Produced and presented by Open Heart Surgery Theatre, this event – made available on demand at Voila! Europe – is a combination of physical theatre, music, and clowning, bringing to life the poetry of Wisława Szymborska.
Perforned in three languages ((English, French, Polish) with musical accompaniment, two actors and a cellist perform This is Why We Live in a 70 minute show. It is a celebration of both human existence and the poet herself.
Filmed with just one camera at a distance from the stage, this is not a made for digital show; instead, we struggle to see the effect of either projections or performer expressions (Elodie Monteau and Alaine Hutton are the actors, Dobrochna Zubek the musicioan and composer).
Experimental and surreal, this female-led piece forces an audience to immerse itself in Szymborska’s words, to ask questions, to see the world in which we live from quirky and unexplored angles.
There is no plot or purpose – these are fragments, memories, as they might appear in daydream or the moments of sleep we all experience each night.
A collaboration between Canadian company, Open Heart Surgery Theatre, Tara Arts (UK) and Theatre de L’Enfumeraie (France), this is billed as “a surreal, cabaret-style performance that celebrates a great female voice of the 20th century”.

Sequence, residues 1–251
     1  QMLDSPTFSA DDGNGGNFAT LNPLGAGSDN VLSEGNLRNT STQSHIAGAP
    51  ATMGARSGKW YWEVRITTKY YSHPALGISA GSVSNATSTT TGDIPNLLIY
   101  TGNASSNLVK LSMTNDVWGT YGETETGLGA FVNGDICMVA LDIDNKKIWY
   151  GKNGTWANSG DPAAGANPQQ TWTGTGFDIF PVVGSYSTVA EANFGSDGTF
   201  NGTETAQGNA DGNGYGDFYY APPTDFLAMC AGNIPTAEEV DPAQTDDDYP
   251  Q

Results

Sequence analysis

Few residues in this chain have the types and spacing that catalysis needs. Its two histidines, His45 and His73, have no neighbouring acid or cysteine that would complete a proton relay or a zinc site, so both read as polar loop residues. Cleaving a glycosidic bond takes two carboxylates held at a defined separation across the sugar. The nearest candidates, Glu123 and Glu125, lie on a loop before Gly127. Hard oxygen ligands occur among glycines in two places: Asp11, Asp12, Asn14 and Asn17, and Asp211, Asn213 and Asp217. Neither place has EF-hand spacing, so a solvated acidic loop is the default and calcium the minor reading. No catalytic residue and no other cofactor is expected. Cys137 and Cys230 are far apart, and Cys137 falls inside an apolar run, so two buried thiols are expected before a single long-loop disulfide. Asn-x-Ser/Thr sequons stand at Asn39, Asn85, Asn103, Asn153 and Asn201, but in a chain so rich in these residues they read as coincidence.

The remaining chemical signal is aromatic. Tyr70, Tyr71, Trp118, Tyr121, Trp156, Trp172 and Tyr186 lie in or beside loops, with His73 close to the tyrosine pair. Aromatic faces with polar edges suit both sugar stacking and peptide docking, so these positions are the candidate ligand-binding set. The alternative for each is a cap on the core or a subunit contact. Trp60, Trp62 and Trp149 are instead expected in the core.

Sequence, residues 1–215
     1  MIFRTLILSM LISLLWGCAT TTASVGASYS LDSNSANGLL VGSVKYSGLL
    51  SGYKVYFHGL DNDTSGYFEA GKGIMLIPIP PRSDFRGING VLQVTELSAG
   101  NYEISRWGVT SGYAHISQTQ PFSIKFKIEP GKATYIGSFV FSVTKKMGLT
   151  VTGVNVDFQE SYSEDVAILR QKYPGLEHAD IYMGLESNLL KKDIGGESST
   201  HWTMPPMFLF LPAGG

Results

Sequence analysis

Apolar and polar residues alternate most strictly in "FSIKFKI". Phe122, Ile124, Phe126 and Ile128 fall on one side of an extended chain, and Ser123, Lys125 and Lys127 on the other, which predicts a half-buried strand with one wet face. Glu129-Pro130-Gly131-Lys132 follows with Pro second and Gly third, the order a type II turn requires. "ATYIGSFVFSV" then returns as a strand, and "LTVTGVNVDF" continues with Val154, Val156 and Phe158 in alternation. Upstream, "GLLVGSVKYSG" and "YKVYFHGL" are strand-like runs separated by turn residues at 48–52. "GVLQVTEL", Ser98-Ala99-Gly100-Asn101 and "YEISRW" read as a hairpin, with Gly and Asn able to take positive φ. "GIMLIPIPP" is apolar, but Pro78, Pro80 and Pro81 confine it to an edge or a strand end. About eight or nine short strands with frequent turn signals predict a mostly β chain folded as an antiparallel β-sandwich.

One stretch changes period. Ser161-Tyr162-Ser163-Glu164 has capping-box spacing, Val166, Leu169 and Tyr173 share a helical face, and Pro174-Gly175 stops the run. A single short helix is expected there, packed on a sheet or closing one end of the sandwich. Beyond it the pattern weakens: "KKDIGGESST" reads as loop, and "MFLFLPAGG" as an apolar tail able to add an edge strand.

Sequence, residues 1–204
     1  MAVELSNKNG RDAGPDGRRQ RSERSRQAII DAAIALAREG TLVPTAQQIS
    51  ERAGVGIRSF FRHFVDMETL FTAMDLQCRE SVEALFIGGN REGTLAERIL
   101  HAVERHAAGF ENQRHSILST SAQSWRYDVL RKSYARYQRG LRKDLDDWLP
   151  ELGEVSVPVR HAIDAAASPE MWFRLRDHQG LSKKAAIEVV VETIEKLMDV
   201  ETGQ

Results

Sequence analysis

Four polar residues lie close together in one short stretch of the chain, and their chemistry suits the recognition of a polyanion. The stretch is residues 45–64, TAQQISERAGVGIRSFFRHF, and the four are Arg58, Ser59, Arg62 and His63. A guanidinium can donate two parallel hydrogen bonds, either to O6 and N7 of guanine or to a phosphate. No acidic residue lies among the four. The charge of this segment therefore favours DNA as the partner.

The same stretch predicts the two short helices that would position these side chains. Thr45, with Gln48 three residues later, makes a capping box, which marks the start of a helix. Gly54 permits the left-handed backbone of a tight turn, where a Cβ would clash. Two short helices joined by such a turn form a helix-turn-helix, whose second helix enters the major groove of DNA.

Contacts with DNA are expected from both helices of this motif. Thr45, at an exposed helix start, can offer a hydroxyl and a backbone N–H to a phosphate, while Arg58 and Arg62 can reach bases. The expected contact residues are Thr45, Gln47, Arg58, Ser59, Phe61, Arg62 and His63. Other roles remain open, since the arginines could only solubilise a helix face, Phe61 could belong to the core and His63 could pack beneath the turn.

On looking up Szymborska I find she was a Polish poet and essayist who would be close to her century of life had she not died in 2012.
Widely translated, she wrote from unusual points of view while tackling large themes of worldwide significance. Her body of work is small, around 350 poems.
This Is Why We Live tackles the large issues of life – or, at least, humanity and what we do in relation to it – through tragicomic physical performance and snatches of much-loved musical moments within a wider score.
I just feel, sadly, you might have to be in the room to truly appeciate this particular artwork. I wanted to see how Zubek (who appears to be set upon a rock) plays in close-up, and how the two actors interact with their bodies, and to appreciate Wesley McKenzie’s projections.
There seems to be a lack of forethought in the film of Coleen MacPherson’s production which leaves a digital audience feeling as if they have a ticket in the balcony of a commercial space.
It’s a pity, as this show could easily have earned another star if we could have gained full involvement in what it was trying to tell us, and been appropriately moved accordingly.
A frustrating experience as a digital show, I found this very difficult to watch and appreciate, especially considering the production shots which are available on the company’s webpage which shows the detail and props we are missing.
This show is not one to start with if digital theatre is new to you.
For more on Open Heart Surgery Theatre visit their website.
** (and a half) – purely due to the shortcomings of this piece as a digital theatre work